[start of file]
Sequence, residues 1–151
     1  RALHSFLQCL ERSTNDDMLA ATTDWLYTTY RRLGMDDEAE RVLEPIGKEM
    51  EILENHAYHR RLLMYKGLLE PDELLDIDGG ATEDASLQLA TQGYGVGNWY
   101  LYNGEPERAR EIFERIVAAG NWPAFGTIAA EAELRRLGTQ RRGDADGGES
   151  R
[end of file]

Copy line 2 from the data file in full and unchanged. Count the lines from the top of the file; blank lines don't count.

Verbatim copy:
     1  RALHSFLQCL ERSTNDDMLA ATTDWLYTTY RRLGMDDEAE RVLEPIGKEM